Tagged: uwp, uwa, universal windows platform, microsoft, full screen, dx12, DirectX 12
With all of the debate and discussion that followed the second release of Ashes of the Singularity's DX12 benchmark mode, questions about full screen capabilities on AMD hardware and a debate of the impact the Microsoft Store and Universal Windows Platform would have on PC gaming, we went to the source of the debate to try and get some feedback. Microsoft was willing to talk about the issues that arose from this most recent storm though honestly what it is willing to say on the record today is limited.
When asked specifically about the UWP and PC games made available on the Windows 10 Store, Microsoft reiterated its desire to work with gamers and the community to find what works.
“UWP (Universal Windows Platform) allows developers to create experiences that are easily deployed across all Windows 10 devices, from PCs to tablets to phones to Xbox One. When it comes to a UWP game on Windows 10 PCs, we’re early in our journey. We’re listening to the feedback from the community – multiple GPUs, SLI, crossfire, v-sync, etc. We’re embracing the feedback and working to ensure gamers on Windows 10 have a great experience. We’ll have more to discuss in the coming months.” – a Microsoft spokesperson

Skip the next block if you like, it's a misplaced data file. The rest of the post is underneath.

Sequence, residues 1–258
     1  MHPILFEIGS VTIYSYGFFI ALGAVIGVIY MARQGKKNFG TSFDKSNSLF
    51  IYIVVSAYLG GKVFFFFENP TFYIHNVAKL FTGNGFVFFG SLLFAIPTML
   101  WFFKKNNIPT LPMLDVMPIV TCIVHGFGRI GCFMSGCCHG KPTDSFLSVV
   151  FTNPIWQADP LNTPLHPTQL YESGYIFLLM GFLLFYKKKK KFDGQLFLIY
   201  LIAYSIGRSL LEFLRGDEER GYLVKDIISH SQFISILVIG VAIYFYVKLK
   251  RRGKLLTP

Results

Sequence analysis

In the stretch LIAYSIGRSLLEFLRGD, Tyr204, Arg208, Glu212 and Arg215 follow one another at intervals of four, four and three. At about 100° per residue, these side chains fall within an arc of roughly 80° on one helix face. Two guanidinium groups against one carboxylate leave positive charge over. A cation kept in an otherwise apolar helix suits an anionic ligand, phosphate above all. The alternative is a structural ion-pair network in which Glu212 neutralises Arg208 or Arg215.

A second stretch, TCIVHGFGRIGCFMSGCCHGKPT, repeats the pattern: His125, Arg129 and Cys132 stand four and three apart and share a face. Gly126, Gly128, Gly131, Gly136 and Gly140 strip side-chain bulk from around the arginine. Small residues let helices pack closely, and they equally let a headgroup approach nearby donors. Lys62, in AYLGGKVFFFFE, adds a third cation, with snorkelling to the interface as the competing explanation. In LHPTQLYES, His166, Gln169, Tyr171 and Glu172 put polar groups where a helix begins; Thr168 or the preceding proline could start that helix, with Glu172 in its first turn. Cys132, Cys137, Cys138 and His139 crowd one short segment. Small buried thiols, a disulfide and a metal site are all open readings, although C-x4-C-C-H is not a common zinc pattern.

It's good to know that Microsoft is listening to the media and gamers and seems willing to make changes based on feedback. It will have to be seen though what of this feedback gets implemented and in what time frame.
Universal Windows Platform
One particular fear for some gamers is that Microsoft would attempt to move to the WDDM compositing model not just for games sold in the Windows Store, but for all games that run on the OS. I asked Microsoft directly:
To answer your question, can we assume that those full screen features that work today with DX12 will work in the future as well – yes.